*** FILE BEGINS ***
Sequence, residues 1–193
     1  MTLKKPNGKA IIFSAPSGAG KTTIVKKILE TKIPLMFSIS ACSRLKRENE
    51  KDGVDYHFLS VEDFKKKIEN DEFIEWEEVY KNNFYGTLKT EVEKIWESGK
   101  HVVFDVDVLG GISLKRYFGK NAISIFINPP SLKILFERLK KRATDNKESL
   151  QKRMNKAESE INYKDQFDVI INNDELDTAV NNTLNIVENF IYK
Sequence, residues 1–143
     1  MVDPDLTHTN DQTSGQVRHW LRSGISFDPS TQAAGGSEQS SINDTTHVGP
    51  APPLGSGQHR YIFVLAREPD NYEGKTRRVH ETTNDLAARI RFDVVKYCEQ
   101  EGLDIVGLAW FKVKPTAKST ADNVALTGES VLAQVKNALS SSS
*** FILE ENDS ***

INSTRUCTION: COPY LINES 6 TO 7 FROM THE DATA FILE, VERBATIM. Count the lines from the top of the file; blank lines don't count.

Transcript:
Sequence, residues 1–143
     1  MVDPDLTHTN DQTSGQVRHW LRSGISFDPS TQAAGGSEQS SINDTTHVGP